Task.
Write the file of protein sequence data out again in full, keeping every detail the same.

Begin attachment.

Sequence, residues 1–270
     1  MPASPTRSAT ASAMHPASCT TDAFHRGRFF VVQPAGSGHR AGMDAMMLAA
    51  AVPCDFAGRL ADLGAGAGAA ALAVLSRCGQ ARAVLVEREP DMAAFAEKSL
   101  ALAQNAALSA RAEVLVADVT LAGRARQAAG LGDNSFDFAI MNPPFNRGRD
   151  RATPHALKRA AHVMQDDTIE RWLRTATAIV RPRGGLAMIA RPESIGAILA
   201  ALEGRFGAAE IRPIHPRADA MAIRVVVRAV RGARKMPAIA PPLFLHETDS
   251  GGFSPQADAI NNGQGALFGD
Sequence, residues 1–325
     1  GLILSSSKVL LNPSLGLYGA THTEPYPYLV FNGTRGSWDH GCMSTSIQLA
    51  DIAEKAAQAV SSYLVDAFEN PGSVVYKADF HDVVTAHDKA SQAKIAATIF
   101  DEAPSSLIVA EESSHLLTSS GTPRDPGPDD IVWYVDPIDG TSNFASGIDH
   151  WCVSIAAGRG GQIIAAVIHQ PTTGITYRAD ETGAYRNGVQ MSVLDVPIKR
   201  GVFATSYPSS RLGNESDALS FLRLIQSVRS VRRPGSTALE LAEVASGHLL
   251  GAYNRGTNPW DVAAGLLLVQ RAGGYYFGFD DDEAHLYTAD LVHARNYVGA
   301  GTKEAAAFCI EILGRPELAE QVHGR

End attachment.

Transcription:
Sequence, residues 1–270
     1  MPASPTRSAT ASAMHPASCT TDAFHRGRFF VVQPAGSGHR AGMDAMMLAA
    51  AVPCDFAGRL ADLGAGAGAA ALAVLSRCGQ ARAVLVEREP DMAAFAEKSL
   101  ALAQNAALSA RAEVLVADVT LAGRARQAAG LGDNSFDFAI MNPPFNRGRD
   151  RATPHALKRA AHVMQDDTIE RWLRTATAIV RPRGGLAMIA RPESIGAILA
   201  ALEGRFGAAE IRPIHPRADA MAIRVVVRAV RGARKMPAIA PPLFLHETDS
   251  GGFSPQADAI NNGQGALFGD
Sequence, residues 1–325
     1  GLILSSSKVL LNPSLGLYGA THTEPYPYLV FNGTRGSWDH GCMSTSIQLA
    51  DIAEKAAQAV SSYLVDAFEN PGSVVYKADF HDVVTAHDKA SQAKIAATIF
   101  DEAPSSLIVA EESSHLLTSS GTPRDPGPDD IVWYVDPIDG TSNFASGIDH
   151  WCVSIAAGRG GQIIAAVIHQ PTTGITYRAD ETGAYRNGVQ MSVLDVPIKR
   201  GVFATSYPSS RLGNESDALS FLRLIQSVRS VRRPGSTALE LAEVASGHLL
   251  GAYNRGTNPW DVAAGLLLVQ RAGGYYFGFD DDEAHLYTAD LVHARNYVGA
   301  GTKEAAAFCI EILGRPELAE QVHGR